A concept I got from my jazz studies I use a lot are called enclosures. Enclosures are & were used by jazz artists such as Clifford Brown, Pat Metheny, and Dizzy Gillespie. They were particularly popular in the late bebop period. A huge part of Clifford Brown’s style is based off of enclosures.
What are enclosures?
First, you have to know what the CHORD TONES of each CHORD are. This is because these are the notes you will be targeting with the ENCLOSURES.
How to do an enclosure
Let’s begin with a G MAJOR CHORD half-step enclosure:
To enclosure the G note of the chord, you can pick a note a 1/2 step below (F#) and a note a 1/2 step above (G#).
Now, you can play those in two different orders. Starting on the F# or by starting on the G#, as long as the G is the last note. You can name this a 1/2 step enclosure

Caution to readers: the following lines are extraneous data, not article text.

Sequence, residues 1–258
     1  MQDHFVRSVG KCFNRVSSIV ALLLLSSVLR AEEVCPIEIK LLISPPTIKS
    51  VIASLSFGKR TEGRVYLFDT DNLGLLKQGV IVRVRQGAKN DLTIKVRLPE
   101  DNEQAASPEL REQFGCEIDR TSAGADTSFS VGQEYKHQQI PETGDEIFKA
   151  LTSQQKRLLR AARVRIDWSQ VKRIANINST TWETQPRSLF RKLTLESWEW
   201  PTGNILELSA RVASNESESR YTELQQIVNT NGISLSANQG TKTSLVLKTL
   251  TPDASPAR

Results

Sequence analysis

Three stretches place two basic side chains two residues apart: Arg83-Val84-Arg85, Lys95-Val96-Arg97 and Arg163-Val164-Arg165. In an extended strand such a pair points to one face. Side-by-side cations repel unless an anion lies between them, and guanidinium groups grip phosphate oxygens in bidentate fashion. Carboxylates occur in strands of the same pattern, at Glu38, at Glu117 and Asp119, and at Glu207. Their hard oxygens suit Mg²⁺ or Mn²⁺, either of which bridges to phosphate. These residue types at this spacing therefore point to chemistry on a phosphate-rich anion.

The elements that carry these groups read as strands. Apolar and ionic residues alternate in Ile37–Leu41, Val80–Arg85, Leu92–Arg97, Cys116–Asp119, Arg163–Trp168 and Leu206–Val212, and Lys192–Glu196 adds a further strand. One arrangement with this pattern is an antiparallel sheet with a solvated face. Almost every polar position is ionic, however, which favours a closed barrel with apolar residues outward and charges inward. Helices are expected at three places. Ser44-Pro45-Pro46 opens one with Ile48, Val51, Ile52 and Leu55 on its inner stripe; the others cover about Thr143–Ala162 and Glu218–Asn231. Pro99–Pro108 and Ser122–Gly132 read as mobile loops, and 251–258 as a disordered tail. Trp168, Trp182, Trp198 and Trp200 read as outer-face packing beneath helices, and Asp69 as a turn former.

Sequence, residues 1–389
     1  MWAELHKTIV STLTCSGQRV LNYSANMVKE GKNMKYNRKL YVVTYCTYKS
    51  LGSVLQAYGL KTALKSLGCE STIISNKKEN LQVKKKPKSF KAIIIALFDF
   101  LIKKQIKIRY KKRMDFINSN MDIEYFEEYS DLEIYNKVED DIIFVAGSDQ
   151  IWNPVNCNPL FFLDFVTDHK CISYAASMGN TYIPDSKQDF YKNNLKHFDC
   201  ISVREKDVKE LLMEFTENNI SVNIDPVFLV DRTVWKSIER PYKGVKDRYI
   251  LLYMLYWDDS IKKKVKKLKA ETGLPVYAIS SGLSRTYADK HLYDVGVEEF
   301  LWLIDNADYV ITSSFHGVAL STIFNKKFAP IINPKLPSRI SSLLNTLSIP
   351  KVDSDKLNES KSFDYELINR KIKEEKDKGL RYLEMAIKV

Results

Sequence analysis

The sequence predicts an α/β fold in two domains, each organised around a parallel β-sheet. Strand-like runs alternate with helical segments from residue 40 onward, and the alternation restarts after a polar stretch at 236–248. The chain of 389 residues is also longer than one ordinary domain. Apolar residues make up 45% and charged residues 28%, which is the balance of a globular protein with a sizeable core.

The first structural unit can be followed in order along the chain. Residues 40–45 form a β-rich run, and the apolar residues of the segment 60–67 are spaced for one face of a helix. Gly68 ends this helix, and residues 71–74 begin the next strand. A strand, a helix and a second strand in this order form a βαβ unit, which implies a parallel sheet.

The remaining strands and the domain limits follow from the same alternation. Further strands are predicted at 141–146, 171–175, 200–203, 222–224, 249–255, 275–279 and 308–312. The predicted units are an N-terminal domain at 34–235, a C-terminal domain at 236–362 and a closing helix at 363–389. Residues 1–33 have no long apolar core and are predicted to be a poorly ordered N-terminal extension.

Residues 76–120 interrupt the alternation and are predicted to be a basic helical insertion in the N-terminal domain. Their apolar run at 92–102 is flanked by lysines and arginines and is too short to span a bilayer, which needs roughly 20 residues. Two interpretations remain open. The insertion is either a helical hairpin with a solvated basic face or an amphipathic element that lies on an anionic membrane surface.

F# G# G
G# F# G
So you are basically circling the G note from the outside-in.
Next, pick notes a WHOLE STEP from G, so, F and A. Once again, you can start a whole step below (F), then move to (A), and then finally play the G. You could also start on the A note. So our Whole-step enclosure is as follows:
F A G
A F G
So you have both 1/2 step and whole step enclosures. Sometimes people will combine the two. For instance, playing a 1/2 step below and then a whole step above or vice versa. There are many combinations available. Here is one combining both.
F A F# G# G
Lastly, one of the most common enclosures is a DIATONIC ENCLOSURE. With a diatonic enclosure you must consider what notes are in the key or root scale. So if you are thinking off of a G major chord, the diatonic enclosure is derived as follows:
Given a G MAJOR SCALE = G A B C D E F#
- A step down from G via the G MAJOR SCALE is F#
- A step up from G via the scale is
F# A G
So, you see in this case you have a combination. This is more difficult in some ways to do on the fly, as you have to know the notes in your scales really well.
Here is the video I did on the topic for further details and demonstration